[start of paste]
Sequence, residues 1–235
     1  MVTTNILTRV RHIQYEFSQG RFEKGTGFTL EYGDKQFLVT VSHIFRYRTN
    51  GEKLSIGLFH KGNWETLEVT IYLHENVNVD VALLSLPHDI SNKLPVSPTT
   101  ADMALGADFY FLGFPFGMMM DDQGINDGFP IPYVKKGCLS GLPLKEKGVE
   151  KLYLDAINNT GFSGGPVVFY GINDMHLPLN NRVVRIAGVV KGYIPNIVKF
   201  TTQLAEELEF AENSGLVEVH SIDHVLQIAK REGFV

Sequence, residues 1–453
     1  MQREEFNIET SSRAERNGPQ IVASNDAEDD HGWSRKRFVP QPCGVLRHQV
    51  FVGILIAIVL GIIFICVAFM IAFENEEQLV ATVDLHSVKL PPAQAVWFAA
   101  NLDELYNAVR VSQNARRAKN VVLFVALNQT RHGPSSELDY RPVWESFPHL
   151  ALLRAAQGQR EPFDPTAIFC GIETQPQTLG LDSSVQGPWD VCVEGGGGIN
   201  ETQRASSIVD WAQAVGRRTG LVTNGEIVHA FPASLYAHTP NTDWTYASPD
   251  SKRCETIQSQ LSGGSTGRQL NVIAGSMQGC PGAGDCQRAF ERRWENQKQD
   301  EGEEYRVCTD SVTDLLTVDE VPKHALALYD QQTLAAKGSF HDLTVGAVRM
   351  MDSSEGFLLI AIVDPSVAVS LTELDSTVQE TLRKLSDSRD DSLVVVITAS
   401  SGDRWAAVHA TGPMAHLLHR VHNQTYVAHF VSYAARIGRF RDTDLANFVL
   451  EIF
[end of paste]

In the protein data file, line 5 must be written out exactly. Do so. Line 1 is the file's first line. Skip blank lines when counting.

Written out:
   151  KLYLDAINNT GFSGGPVVFY GINDMHLPLN NRVVRIAGVV KGYIPNIVKF